From Dear Dr Wes: Real Life Advice for Teens
Dear Dr. Wes and John,
This isn’t anything new, but lately there have been a lot of stories in the news about authority figures acting very badly. A cop got convicted of looking up a teenage girl’s skirt. Some other officers didn’t do anything to help a pregnant woman while they were arresting her and she miscarried. Teachers, coaches, and administrators have been in serious legal trouble. Now, my kids are in middle and high school and are basically saying there’s no point in respecting the police or school personnel, and they think politics is a total joke. My kids are smart and aware, but it seems like they are getting cynical and I really don’t know what to do. I want them to trust the basic goodness of people, but when I try and tell them that, I feel kind of gullible and stupid.
Dr. Wes: Unfortunately, cynicism is about as old as humanity itself. Yet, I’ve also found myself struggling more with this lately, as I see authority figures falling all over themselves to make bad decisions. I’m old enough to remember The Pentagon Papers, J. Edgar Hoover, Watergate, and the Kent State shootings. Now, post-9/11 we see violent extremists on one hand, and government officials all-too-ready to take away civil liberties on the other. Just what the terrorists ordered.
In confronting this, I like to remind teens of the sense of duty New York police and fire fighters displayed as they entered the twin towers on 9/11, and the stories of heroism among our soldiers in the field. We each know fine teachers who spend their lives as highly educated persons in poorly paying jobs, because they believe in what they do. Each of these folks go against the grain of self-interest each day, to serve a higher social purpose. I encourage teens to seek in themselves this same sense of mission, so when they’re standing face-to-face with difficulty, they will show similar courage and conviction.
But even as I read it back, I know that nice speech doesn’t give the whole story, and to ignore that fact is a disservice to our teens. Instead, I suggest a radically balanced view of human good and evil. Don’t lump people or situations into the “evil” bin and others into the “good” bin. Instead, learn how and when to trust others, how to consume human interaction, and how to judge the character of people based on their behavior—not their job, or color, or age, or perceived level of authority.
It’s a lot easier to say that all policemen are “Officer Friendly” and all sex offenders are “sick strangers,” but the truth is that each person has a capacity to help and harm; to love and hate; to humanize and dehumanize. Each of us chooses which way we’re going to go every day of our lives, and much of that choosing begins in adolescence. That’s the nature of free will.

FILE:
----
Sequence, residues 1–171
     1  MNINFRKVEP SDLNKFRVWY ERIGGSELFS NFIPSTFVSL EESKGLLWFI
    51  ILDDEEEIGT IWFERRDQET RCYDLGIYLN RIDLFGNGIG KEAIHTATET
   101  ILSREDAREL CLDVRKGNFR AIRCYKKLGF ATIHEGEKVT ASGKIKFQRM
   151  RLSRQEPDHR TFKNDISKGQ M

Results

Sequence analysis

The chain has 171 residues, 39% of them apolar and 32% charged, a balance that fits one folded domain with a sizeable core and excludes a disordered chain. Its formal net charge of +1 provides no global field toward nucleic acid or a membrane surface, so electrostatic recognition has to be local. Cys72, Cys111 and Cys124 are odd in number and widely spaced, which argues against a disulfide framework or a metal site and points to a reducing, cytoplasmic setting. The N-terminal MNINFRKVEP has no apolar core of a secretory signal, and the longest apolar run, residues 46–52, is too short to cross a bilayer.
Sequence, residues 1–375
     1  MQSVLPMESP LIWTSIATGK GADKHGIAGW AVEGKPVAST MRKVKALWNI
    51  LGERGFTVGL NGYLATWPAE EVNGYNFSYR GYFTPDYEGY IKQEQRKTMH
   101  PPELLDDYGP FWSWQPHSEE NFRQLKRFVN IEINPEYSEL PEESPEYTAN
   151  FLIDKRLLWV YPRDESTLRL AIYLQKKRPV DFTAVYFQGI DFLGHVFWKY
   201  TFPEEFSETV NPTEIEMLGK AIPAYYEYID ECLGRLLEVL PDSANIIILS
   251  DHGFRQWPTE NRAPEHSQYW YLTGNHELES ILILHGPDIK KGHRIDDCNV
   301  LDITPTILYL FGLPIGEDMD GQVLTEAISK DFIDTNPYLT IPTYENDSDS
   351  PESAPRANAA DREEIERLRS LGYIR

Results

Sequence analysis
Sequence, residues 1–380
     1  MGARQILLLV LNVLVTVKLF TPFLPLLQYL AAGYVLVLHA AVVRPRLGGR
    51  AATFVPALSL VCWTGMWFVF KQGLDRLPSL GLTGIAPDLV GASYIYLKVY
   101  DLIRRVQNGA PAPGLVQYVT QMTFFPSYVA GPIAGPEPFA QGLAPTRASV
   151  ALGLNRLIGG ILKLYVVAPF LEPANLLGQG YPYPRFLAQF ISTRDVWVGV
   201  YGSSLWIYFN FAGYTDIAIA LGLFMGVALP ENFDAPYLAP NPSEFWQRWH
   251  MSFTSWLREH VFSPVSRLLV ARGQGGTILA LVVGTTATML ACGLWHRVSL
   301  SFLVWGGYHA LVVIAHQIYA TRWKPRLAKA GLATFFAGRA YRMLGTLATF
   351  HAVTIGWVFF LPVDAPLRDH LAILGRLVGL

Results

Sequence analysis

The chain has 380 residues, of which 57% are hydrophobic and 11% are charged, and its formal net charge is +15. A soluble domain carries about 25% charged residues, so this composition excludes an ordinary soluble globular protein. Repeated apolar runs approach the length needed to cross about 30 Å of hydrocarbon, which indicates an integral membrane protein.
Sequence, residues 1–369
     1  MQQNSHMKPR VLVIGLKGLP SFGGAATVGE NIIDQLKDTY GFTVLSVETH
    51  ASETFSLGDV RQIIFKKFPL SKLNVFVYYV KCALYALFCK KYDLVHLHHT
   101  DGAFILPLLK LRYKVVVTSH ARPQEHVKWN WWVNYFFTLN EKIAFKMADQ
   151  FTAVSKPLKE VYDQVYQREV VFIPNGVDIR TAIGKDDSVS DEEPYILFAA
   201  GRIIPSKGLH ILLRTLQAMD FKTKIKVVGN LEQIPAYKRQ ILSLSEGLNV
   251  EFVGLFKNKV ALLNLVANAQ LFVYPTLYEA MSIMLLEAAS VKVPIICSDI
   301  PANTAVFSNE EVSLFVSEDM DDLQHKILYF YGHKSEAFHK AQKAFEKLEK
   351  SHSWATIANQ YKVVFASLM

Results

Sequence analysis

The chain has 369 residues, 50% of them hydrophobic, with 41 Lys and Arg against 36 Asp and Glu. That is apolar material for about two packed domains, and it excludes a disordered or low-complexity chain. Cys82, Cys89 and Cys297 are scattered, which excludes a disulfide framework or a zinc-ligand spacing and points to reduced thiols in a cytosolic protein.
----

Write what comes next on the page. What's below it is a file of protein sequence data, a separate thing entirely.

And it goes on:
A wise person sees people as individuals, not as stereotypes. She does not generalize the bad behavior of a few officers to the police force; or the stellar conduct of one teacher to the entire faculty. I’ll admit that this is a much less comforting idea than simple naïveté or cynicism, but I promise that it’s a lot more helpful.
John Murray: Whether it’s teachers, police, soldiers, or priests, the media is always looking for dirt on the people we trust. We repay the media by watching their programs and upping their ad revenue. But we mustn’t judge a whole class of people based on the mistakes of a few and even avoid judging those we know are guilty. Many of the “Hester Prynns” in our society face mitigating circumstances, such as family history, that we never hear about. Instead of seeking out the faults in others, we should focus on becoming the role models we wish to see.
Sometimes, I imagine what would happen if Hollywood made a film about my worst moments. If the public were to discover all three of my sins, I’m not sure I could stand the humiliation. But why do we expect angelic coverage of our role models, people whose lives are on camera 24/7? You never hear about the businesses that could have stolen money but chose not to. In the media, one slipup is enough to condemn a person, even a group of people, and a thousand good works will not redeem them.
As for the dismal state of politics, Americans have no one to blame but themselves. Surely our Senate Majority Leader makes more important decisions than Paris Hilton. Yet, only fifteen percent of us know his name. When you ignore your elected officials, you release them from accountability. When you don’t read up on the current events, you open yourself to manipulation. Each of us is now $30,000 in debt due to a bipartisan failure to control the national budget. Congress gets away with it because they know we don’t pay any attention. If Americans don’t like this, they need to turn their cynicism into action.
It’s hard enough to obey an order you know is correct. It’s even tougher to obey one you hate. But we must respect our authorities, even when they make bad choices. Bashing police will not make better officers. Instead, we must recognize the imperfections inherent in all human beings, and save judgment for the jury.